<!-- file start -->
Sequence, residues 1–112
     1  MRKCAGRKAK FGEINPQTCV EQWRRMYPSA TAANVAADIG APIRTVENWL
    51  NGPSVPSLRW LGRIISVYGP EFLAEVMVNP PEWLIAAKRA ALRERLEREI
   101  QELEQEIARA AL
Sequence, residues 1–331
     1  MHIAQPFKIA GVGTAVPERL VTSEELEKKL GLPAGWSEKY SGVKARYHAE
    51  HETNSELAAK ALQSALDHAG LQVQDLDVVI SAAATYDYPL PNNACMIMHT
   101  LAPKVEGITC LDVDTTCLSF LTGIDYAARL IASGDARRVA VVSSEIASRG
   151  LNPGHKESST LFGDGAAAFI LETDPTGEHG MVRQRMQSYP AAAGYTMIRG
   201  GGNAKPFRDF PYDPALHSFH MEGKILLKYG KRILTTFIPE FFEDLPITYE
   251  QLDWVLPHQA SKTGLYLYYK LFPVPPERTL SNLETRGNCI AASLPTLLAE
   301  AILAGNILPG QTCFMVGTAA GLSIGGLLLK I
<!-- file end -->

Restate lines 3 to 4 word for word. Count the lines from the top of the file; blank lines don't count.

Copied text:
    51  NGPSVPSLRW LGRIISVYGP EFLAEVMVNP PEWLIAAKRA ALRERLEREI
   101  QELEQEIARA AL